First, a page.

Developing World Healthcare Blog
South Korea Emerging as a Leader in Biosimilars
As biologics with $79 billion of revenue lose patent protection over the next four years, biosimilars will emerge and change the biotechnology industry’s competitive dynamics. The increased competition should lead to lower prices. At the same time, biosimilars won’t drive the overnight commoditization of the original product that is typical of small molecules (traditional drugs). As Indian companies have carved out a leading position in the generic drug industry, South Korean companies are poised to take leading positions in the biosimilars industry. These changes reflect the significant differences between biosimilars and generics.
Biosimilars versus Generics: Key Differences
Generic drugs are “copies” of branded, small molecule drugs. In contrast, biosimilars can only be "similar" to the original biologic. The reason (in oversimplified terms) is that the manufacturing processes for biologics involve growing cells, which are very difficult to replicate. Also, generic drugs do not require clinical trials while biosimilars do. As a result, development of a biosimilar is an expensive undertaking. Manufacturing facilities cost US$250 - 400 million, and the required clinical trials cost US$200 - 400 million.
The USFDA doesn’t recognize biosimilars as interchangeable with the reference biologics. As a result, the biosimilar manufacturer must have access to a salesforce to market the product to doctors and payers. The end result is that the U.S. biosimilars market will resemble the branded drug market. Prices for biologics will not drop like a stone as they do when generic drugs enter the market. Ironically, most companies developing biosimilars are multi-national brand drug and biotechnology companies. The development and marketing costs are too high for most generic drug companies to pursue on their own.
South Korea Supplanting India in This Emerging Market
Among emerging markets, India has established a leading position in the global generic drug industry. Now South Korea is emerging as a leading source of biosimilars with Celltrion and Samsung the top players at this early stage of the market’s development. To be clear, India has an active domestic biosimilar industry. The difference is that South Korea is pulling ahead on the global stage. Only three Indian companies have announced plans to develop biosimilars for the developed world. All three rely on partnerships with other drug companies (Biocon/Mylan; Dr. Reddy’s/Merck KGaA; and Intas/Apotex).
Celltrion and Samsung Bioepis Are at the Forefront
In particular, two South Korean companies have emerged as leaders in biosimilar development:
Celltrion – The company manufactures a biosimilar for JNJ and Merck’s Remicade (Remsima) that is approved in over 31 countries (including Europe and the U.S.). In the U.S., Pfizer (Celltrion’s partner) has suggested that they will launch the product in late 2016/early 2017 as INFLECTRA. Celltrion also has biosimilars for Herceptin and Rituxan in various stages of development.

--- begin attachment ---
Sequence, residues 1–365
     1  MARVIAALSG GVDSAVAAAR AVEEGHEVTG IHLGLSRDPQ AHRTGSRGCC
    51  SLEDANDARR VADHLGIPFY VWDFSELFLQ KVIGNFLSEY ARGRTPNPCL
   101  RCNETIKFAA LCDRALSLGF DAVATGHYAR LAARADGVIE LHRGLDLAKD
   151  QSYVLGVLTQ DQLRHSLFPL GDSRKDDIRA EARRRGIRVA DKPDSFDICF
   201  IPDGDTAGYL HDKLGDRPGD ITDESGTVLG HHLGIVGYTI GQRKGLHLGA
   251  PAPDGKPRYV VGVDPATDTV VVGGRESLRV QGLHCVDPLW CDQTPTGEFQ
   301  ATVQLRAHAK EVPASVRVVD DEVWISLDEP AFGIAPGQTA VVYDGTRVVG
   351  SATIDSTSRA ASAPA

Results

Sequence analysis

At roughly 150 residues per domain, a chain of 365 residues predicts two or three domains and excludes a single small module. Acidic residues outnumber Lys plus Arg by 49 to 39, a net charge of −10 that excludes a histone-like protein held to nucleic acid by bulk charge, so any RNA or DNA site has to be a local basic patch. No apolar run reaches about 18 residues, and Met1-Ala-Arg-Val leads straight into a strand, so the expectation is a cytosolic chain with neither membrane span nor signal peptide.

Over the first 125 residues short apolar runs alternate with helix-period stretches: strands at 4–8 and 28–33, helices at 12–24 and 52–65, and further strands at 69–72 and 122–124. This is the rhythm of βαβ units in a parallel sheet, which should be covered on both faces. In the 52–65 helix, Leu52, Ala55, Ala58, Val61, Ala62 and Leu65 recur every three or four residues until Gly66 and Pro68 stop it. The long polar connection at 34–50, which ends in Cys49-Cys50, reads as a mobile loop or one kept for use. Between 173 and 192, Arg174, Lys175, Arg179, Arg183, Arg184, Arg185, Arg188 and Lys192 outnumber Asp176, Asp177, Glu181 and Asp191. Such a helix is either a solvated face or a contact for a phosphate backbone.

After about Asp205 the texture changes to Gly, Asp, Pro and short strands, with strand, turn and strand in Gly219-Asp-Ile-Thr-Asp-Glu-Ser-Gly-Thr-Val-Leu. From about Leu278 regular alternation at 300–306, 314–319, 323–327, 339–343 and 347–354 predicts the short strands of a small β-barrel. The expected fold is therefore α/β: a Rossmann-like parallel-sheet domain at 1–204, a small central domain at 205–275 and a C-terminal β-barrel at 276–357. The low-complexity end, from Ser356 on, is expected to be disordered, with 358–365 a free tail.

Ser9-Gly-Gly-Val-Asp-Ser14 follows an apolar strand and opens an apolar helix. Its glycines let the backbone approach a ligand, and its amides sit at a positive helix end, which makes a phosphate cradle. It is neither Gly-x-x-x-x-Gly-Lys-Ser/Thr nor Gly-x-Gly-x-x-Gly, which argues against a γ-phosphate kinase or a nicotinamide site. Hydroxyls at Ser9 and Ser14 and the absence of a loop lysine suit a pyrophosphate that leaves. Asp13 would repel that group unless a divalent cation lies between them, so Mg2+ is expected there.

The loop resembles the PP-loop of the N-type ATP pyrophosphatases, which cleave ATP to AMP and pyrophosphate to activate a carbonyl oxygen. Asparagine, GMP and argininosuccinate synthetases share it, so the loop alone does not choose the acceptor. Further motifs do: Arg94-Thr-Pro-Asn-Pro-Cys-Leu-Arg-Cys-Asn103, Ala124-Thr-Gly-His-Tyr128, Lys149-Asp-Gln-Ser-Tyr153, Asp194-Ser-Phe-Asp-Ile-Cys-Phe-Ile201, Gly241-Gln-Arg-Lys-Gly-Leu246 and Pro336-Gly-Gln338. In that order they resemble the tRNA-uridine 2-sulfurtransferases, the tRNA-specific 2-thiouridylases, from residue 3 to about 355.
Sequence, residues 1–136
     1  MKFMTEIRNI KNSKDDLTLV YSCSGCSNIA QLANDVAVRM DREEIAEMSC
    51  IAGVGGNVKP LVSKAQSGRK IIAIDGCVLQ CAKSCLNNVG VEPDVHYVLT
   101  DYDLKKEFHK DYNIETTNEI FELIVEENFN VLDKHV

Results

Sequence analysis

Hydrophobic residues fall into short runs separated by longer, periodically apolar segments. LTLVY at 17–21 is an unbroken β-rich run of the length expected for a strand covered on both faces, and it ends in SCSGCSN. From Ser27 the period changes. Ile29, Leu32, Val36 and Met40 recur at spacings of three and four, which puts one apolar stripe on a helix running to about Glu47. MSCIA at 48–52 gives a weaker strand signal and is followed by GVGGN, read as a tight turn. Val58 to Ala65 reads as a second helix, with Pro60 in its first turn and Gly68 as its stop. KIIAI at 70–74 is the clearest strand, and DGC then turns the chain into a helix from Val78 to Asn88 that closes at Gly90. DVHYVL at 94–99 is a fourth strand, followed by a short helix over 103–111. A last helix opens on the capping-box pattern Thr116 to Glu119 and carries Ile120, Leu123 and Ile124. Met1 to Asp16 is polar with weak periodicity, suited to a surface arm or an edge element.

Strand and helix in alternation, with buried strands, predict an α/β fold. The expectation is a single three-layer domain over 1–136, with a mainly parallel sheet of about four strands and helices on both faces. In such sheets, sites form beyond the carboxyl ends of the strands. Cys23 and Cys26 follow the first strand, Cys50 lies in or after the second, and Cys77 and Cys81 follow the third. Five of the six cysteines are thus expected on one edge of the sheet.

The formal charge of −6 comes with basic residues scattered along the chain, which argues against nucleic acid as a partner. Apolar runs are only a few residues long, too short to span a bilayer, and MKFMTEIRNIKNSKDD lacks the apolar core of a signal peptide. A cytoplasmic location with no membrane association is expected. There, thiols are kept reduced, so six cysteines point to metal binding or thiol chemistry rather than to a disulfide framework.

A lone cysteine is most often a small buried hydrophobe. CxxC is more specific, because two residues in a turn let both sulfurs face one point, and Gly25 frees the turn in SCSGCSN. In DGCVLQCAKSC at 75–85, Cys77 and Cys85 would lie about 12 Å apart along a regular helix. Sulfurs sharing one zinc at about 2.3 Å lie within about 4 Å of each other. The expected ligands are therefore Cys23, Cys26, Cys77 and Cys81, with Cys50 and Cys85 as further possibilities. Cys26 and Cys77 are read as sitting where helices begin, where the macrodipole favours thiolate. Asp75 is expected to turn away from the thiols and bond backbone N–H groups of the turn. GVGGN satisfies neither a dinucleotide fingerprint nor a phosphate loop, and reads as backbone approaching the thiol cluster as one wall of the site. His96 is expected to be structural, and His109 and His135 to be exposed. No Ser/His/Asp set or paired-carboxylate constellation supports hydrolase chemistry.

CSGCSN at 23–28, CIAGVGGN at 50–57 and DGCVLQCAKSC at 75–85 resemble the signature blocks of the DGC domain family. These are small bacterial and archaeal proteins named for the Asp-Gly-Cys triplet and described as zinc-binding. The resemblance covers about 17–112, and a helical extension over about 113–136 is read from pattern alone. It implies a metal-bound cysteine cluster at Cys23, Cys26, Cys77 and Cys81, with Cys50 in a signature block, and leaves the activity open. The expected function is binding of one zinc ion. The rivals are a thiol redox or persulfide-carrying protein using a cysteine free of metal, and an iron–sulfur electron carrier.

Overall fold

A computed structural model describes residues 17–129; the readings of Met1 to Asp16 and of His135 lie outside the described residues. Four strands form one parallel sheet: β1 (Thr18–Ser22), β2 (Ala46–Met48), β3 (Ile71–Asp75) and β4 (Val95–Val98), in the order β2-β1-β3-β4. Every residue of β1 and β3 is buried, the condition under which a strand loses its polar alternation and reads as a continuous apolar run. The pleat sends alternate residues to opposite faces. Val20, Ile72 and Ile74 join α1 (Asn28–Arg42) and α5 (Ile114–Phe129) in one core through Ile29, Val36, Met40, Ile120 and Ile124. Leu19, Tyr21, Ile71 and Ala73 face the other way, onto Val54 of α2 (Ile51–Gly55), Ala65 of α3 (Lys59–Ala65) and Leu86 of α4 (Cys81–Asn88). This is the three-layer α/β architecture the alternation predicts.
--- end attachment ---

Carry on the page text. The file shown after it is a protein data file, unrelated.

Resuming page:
Samsung Bioepis – This unit of Samsung has JVs with Merck and Biogen for several products (Enbrel, Remicade, Humira, Herceptin, and Lantus). The Enbrel biosimilar has launched in Europe, and the Remicade biosimilar has launched in Korea (Europe should be soon.) Samsung Bioepis had considered a U.S. listing, but shelved the idea as the biotechnology indices declined. Instead, Samsung may list its Biologic division (which includes Bioepis) in Korea later this year.
Don’t Extrapolate Biosimilars’ Success in Europe to the U.S.
The biosimilar market in Europe and elsewhere is much more developed than in the US. The European Medicines Agency (EMA) has approved 20 products since 2007. Uptake of biosimilars has varied by product and country. In general, uptake is substantially higher (and prices are lower) in countries that use tender systems. Further, uptake is much higher for acute treatments than for chronic treatments.
Uptake in the U.S. probably will be relatively slow for the next few years for several reasons. The FDA hasn’t fully clarified rules around labeling and “extrapolation” of indications from the reference biologic to a biosimilar. Most importantly, there is an absence of clinical trial data that demonstrates interchangeability between the original drug and a biosimilar. Physicians are accustomed to seeing data from two Phase III trials before prescribing any drug. Payers aren’t willing to force biosimilars on doctors and patients at this stage for the same reason. We expect physicians’ and payers’ comfort with biosimilars to increase over time with clinical experience. We expect this situation to change in several years, but the early entrants (such as Samsung and Celltrion) should have a substantial advantage over later entrants.